I have only two gripes about the record. First, it is too short -- total CD run time 43:26! I know this is longer than Flatt & Scruggs' Foggy Mountain Banjo, but come on, Steve. Second, the tracks featuring vocals (four of them, out of 15 total) work less well for me than the instrumental tracks.

Also, I would recommend the CD instead of the MP3 download because you get a very cool 24-page booklet written by Steve Martin and explaining fun facts about each of the tracks. It's great all around!
Help other customers find the most helpful reviews 
Was this review helpful to you? Yes No


5 of 5 people found the following review helpful
5.0 out of 5 stars Oh Steve, Why Did You Wait So Long?, May 25, 2009
By 
kjenfan (United States) - See all my reviews
This review is from: The Crow: New Songs for the Five String Banjo (Audio CD)
Steve Martin's banjo playing was always one of my favorite parts of his comedy routines. You could tell he was really good at it, but of course, the laughs always overshadowed the banjo playing.

Looks like that little 'glitch' has been corrected at last. With "The Crow: New Songs for the Five-String Banjo" Martin wows us with one fine piece of strumming after another. The music is joyous, infectious, emotional -- a pure pleasure to listen to.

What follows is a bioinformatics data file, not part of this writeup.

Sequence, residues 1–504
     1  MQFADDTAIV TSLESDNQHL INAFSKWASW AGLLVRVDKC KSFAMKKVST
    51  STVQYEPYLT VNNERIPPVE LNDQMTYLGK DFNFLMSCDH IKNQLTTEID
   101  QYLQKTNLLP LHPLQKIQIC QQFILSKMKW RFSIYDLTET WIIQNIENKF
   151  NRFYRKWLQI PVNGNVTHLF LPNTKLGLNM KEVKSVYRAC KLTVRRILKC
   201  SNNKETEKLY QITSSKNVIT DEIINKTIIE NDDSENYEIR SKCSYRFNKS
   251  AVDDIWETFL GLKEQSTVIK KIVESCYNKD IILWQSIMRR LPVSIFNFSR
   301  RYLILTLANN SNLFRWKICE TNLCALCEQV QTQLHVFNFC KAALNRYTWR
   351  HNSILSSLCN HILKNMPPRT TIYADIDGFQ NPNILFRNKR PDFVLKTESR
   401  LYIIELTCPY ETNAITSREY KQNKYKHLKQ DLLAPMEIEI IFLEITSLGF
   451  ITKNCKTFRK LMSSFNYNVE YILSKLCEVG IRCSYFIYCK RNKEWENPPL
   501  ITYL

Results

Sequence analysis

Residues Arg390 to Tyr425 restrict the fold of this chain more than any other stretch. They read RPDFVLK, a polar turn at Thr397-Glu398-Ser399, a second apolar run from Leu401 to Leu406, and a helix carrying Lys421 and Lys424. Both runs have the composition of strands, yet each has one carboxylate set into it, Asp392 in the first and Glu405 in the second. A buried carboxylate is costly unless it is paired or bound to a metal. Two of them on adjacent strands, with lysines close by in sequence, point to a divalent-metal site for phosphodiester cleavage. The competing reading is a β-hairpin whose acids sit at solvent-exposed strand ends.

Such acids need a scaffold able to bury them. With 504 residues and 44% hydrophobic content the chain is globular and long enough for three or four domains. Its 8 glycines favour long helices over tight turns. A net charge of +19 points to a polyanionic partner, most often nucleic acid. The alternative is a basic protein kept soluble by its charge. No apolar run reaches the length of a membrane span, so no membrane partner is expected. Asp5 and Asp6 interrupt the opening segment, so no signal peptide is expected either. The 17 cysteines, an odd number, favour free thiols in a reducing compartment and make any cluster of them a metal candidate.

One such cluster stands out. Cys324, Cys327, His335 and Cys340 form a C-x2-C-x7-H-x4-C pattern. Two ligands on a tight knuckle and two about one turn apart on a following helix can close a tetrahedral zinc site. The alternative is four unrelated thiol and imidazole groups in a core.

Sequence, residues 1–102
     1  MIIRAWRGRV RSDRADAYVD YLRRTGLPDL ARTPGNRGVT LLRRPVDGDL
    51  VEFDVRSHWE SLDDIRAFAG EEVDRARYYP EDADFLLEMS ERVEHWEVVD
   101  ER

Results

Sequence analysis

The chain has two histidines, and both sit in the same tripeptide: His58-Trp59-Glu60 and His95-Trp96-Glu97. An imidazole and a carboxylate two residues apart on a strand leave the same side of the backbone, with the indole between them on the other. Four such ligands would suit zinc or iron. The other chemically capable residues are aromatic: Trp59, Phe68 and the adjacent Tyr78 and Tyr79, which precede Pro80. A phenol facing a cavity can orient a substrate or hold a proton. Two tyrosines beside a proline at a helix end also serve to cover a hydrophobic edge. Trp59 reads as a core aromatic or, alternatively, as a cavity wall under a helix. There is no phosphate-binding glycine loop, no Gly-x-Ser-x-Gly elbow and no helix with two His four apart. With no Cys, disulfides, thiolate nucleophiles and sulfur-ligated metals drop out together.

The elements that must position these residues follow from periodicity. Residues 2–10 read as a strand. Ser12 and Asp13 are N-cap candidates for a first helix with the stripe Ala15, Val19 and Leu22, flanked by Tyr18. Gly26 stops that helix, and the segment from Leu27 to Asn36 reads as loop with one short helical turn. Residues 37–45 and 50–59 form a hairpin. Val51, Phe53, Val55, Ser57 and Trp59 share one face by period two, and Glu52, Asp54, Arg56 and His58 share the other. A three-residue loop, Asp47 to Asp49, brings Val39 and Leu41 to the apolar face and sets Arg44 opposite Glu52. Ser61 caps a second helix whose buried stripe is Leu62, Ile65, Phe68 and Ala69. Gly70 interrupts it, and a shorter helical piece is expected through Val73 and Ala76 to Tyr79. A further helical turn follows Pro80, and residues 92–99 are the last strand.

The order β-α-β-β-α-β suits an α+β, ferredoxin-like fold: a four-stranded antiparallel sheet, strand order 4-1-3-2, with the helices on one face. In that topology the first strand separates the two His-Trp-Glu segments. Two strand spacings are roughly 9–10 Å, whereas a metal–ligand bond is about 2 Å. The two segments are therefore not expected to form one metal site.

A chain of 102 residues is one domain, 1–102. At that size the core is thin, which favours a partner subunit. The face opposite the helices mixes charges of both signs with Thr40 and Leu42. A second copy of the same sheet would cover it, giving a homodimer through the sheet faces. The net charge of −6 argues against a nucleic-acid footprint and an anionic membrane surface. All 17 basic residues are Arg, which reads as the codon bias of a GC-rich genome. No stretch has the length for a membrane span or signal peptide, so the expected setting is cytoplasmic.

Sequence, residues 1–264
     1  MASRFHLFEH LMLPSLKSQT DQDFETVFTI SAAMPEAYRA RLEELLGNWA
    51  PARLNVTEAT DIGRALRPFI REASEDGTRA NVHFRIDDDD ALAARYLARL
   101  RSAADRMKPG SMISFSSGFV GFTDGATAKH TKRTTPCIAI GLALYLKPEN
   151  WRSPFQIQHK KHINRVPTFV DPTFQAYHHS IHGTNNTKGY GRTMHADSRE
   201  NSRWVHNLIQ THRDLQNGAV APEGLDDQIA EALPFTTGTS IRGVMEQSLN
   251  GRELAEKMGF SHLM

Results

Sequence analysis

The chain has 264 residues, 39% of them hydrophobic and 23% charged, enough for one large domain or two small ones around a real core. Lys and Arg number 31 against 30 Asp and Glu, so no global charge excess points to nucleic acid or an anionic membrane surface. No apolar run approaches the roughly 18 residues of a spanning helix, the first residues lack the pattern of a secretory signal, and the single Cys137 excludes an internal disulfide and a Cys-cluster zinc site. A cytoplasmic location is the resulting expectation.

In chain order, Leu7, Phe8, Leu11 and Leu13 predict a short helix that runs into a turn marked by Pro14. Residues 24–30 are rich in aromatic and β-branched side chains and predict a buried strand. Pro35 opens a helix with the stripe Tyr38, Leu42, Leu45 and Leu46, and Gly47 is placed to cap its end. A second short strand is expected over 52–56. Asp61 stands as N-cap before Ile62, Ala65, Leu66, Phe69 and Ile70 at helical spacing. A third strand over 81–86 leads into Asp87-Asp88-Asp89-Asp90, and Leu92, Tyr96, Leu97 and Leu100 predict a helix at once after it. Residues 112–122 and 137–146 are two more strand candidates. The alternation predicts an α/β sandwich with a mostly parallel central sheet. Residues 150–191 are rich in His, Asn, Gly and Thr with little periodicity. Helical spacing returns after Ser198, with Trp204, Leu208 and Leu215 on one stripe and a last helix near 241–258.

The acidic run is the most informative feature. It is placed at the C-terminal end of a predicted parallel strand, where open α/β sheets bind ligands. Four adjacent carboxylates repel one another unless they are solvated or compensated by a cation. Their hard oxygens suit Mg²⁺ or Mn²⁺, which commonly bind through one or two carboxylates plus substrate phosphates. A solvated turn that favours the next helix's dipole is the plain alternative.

The CD starts out strong with Tim O'Brien's fine vocals on "Daddy Played the Banjo". But it's the sentiment that Martin and the legendary Earl Scruggs put into the banjo playing that makes this song shine. And then, a jaw-droppingly fast "Pitkin County Turnaround" gets everybody's toes a-tappin'. One great song after another. "Hoedown at Alice's" takes me back to a simpler era in time. You can't help but break out into a grin while listening to this.

And of course, there is the beautiful "Pretty Flowers". Having Vince Gill and Dolly Parton as vocalists on your album can never hurt! This is lovely. Another very pleasant surprise is the inclusion of Irish legend Mary Black (and one of my all-time favorite singers) on "Calico Train".

"Clawhammer Medley" lets the listener experience the depth of Martin's talent as he shows his mastery of a five-finger playing style known as clawhammer. Great tune.

I could go on, but you get the idea. Considering how few people seem to have been aware that he is an exceptionally talented banjo player, I'd say the last laugh is on Steve.

FANTASTIC album. I can't recommend it highly enough.
Help other customers find the most helpful reviews 
Was this review helpful to you? Yes No


3 of 3 people found the following review helpful
5.0 out of 5 stars Wow! Just... wow!!!!, March 2, 2009
By 
datadame (TN United States) - See all my reviews
I *love* a well-played banjo and was (am) a huge fan of John Hartford. When he died, I thought that might well be the end of fresh new banjo music that still retained a "classic" bluegrass sound. Thank you, Steve Martin and ensemble, for keeping it very VERY much alive, perhaps even rejuvenating it.